Economic crime is a significant feature of the UK’s economic landscape and yet despite the government’s bold mission statements ‘to hold those suspected of financial wrongdoing to account’ as part of their ‘day of reckoning’ and ‘serious about white-collar crime’ agenda, there is a sense that this is still not being done effectively.
This book examines the history of the creation of the UK’s anti-economic crime institutions and accompanying legislation, providing a critique of their effectiveness. The book analyses whether the recent regulatory regime is fit for purpose as well as being appropriate for the future. In order to explore how the UK’s economic crime strategies could be improved the book takes a comparative approach analysing policy and legislative responses to economic crime in the United States and Australia in order to determine whether the UK could or should import similar structures or laws to improve the enforcement of UK economic crime.
1. Introduction 2. The United Kingdom: fraud and related offences 3. The United Kingdom: bribery and corruption 4. The United States of America 5. Australia 6. Conclusions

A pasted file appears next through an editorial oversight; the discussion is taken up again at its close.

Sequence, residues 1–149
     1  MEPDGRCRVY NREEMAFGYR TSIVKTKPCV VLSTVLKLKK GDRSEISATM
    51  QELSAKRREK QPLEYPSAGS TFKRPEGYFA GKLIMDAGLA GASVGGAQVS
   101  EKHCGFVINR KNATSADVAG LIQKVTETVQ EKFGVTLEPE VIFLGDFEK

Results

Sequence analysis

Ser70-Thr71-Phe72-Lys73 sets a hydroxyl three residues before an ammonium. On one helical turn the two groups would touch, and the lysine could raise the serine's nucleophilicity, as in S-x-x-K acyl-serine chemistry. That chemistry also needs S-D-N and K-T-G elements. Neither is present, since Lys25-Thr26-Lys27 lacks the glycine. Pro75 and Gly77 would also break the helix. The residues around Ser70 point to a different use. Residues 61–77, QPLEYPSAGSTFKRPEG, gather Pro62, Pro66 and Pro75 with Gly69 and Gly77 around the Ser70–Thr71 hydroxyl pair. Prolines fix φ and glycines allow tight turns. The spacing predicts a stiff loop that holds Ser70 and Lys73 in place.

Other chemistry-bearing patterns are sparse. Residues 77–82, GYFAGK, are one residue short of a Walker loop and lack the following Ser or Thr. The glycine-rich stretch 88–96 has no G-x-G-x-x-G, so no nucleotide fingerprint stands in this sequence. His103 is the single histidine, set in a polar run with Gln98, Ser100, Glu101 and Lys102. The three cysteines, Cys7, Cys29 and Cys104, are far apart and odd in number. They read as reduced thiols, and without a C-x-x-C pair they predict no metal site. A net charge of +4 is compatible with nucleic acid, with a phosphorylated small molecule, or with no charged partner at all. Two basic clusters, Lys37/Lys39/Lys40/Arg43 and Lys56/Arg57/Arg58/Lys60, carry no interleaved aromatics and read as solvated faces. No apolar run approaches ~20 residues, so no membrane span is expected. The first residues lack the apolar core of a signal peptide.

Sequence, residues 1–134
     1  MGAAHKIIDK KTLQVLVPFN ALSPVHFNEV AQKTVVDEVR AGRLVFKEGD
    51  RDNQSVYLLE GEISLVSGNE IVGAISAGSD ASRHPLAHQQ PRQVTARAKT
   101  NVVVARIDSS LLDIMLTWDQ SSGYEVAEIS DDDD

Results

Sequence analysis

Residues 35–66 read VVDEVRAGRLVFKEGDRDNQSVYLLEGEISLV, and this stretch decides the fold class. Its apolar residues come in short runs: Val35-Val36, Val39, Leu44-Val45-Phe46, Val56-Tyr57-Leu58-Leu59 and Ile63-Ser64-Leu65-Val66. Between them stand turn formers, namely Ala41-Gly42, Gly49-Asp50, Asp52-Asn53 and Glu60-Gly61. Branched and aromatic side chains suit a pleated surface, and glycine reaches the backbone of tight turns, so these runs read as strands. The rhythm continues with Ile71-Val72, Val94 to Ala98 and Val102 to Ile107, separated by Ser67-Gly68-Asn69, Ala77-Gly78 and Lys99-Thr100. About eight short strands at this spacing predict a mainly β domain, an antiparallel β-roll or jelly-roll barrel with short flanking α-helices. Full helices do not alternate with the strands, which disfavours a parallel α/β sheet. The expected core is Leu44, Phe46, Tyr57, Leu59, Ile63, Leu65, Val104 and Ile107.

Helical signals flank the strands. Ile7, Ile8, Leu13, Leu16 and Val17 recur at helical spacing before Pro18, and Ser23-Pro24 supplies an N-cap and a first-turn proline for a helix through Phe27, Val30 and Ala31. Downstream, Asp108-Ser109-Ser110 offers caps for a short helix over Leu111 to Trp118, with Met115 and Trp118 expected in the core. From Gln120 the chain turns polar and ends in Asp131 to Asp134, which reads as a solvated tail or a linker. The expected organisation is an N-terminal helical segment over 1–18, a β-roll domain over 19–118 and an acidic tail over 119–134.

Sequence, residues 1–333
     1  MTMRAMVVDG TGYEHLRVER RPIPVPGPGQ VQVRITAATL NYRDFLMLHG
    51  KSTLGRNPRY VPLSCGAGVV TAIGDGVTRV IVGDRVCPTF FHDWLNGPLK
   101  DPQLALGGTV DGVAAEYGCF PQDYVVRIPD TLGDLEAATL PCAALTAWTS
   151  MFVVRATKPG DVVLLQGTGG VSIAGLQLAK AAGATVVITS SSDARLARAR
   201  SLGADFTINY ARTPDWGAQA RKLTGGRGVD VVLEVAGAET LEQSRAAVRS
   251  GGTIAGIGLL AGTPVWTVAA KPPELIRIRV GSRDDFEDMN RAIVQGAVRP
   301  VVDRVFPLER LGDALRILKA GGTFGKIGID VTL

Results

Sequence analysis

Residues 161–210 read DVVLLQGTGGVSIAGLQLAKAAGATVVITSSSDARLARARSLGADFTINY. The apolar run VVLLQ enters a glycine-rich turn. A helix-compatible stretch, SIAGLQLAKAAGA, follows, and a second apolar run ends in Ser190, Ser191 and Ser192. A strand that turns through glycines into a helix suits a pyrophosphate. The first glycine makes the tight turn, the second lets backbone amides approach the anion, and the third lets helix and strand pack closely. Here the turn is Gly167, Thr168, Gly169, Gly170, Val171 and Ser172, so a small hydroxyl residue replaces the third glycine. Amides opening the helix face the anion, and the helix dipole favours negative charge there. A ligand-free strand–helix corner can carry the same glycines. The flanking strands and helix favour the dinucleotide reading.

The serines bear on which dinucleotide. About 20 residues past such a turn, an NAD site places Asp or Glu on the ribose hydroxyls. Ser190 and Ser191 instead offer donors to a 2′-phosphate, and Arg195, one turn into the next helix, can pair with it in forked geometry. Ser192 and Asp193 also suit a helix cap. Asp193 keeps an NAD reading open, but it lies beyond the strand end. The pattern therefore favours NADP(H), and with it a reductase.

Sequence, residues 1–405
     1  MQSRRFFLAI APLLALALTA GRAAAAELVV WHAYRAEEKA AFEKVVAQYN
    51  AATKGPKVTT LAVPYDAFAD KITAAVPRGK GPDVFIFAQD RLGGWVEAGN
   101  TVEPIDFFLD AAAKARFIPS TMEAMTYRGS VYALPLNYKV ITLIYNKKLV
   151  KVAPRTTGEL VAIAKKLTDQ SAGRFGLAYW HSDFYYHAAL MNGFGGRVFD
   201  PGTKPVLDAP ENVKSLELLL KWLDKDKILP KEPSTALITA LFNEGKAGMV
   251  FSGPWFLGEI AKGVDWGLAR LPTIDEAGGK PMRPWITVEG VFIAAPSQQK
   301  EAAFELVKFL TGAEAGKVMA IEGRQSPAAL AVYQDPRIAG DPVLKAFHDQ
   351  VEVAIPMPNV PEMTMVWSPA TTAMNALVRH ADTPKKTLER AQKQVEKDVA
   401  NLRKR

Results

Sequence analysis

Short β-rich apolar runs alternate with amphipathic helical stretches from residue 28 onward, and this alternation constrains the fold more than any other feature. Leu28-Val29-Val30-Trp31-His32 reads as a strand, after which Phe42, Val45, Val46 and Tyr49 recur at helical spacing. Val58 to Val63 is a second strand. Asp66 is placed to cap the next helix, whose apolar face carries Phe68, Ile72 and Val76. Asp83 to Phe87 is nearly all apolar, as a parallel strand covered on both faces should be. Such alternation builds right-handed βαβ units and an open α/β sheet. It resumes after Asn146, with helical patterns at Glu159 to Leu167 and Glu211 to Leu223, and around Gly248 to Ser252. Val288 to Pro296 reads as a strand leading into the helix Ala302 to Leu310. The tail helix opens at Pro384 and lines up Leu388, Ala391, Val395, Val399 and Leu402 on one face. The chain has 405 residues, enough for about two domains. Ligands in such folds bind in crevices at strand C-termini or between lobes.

While a growing number of high profile financial crime cases have hit the headlines recently the topic of financial crime is also generating much attention amongst academics and practitioners. This series will be the first to be dedicated to the law of financial, or economic, crime and offers a platform for important and original research in this area.
Books in the series will cover traditional subjects of financial crime including money laundering, terrorist financing, fraud, market abuse, insider dealing, market manipulation, tax evasion, bribery and corruption. But broader legal and regulatory issues will also be covered as well as emerging areas of concern such as the risks to stability of the financial system posed by financial crime. Emphasis will be placed on comparative approaches to the subject considering legislation across a number of jurisdictions as well as international regulations where appropriate, giving the series a truly global outlook.
The titles in the series are primarily aimed at an audience of researchers, scholars and practitioners in the area but should also be of interest to policy makers, law enforcement agencies, financial regulatory agencies, as well as people employed within the financial services sector.